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Less impulsive online


e-commerce, keyboard, online, shopping, trolley, iconOnline grocery shoppers tend to buy fewer impulse purchases online than in store, resulting in smaller basket sizes.

According to a consumer survey of 1154 online grocery shoppers in the UK by eDigitalResearch, 29 per cent of respondents feel they make far fewer impulse purchases online than in store.

In comparison, just seven per cent said they purchase more additional impulse buys online than they do in a store, highlighting a significant potential threat for retailers and their bottom lines,
especially as more and more consumers switch to online shopping.

Derek Eccleston, commercial director at eDigitalResearch said the growth of online has the ability to drastically hamper supermarkets, retailers, and suppliers.

“With more of us becoming all the more reliant on online and digital technologies, the online grocery market is only likely to grow,” said Eccleston.

“These results suggest that with this online growth, supermarkets are going to see overall spend shrink. They therefore need to be working closely with suppliers to understand this new breed of grocery shopper – they need to know how they shop and why, as well as what makes them buy what they do – in an effort to encourage online shoppers to spend more.”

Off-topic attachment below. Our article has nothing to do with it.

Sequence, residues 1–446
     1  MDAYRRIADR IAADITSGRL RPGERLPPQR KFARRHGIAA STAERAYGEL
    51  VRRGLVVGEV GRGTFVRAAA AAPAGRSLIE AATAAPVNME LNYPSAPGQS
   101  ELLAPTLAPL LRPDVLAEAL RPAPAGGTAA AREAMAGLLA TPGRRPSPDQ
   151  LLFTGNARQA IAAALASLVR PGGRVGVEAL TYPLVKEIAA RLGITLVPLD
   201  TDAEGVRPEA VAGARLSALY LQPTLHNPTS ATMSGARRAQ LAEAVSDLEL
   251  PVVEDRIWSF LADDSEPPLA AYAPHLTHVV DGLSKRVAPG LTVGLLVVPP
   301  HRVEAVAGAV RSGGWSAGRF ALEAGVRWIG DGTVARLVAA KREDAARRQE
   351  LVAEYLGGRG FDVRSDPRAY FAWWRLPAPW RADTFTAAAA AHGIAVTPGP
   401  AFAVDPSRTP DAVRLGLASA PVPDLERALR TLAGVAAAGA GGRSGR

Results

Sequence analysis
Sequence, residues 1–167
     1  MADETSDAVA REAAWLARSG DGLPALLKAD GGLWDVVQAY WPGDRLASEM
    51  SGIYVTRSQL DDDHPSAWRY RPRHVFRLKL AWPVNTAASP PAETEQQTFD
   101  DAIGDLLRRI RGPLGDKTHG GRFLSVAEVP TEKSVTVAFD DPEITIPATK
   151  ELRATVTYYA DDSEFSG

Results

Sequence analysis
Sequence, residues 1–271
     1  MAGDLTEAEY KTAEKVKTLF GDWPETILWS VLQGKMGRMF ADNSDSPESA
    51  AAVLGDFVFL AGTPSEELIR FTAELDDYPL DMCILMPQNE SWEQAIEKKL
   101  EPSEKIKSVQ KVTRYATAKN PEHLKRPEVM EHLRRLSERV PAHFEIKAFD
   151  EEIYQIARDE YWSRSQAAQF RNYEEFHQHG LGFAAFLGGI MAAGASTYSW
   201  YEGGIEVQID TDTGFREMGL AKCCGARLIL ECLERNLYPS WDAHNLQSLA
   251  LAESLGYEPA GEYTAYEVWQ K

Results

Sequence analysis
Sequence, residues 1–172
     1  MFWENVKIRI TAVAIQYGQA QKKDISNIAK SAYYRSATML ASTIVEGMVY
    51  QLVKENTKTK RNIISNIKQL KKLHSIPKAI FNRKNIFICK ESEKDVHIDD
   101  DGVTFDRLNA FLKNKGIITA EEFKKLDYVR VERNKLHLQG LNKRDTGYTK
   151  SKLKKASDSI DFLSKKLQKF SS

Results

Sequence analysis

The results also suggest that online shoppers are more likely to switch brands compared to their instore counterparts. Of those online grocery shoppers surveyed, just 10 per cent said that they always stick to the same brands for particular items, suggesting that there is a huge opportunity to influence people’s purchase decisions and disrupt their journeys online.

Unsurprisingly, price is one of the key drivers behind brand switches, suggesting that promotions and offers are perhaps the best way to disrupt online grocery shops and encourage impulse buyss, however, loyalty card promotions, search positions, and product images have an effect on how people shop online.

“These results prove that when it comes to buying food and drink, by understanding changing online consumer behaviours and what makes online grocery shoppers tick, suppliers and supermarkets will be able to better influence online purchase decisions, increase spend an minimise the threat that the growth of online grocery shopping poses.”

Online grocery shopping is expected to see significant growth in the next two years, with supply chains expected to undergo massive structural change as a result.

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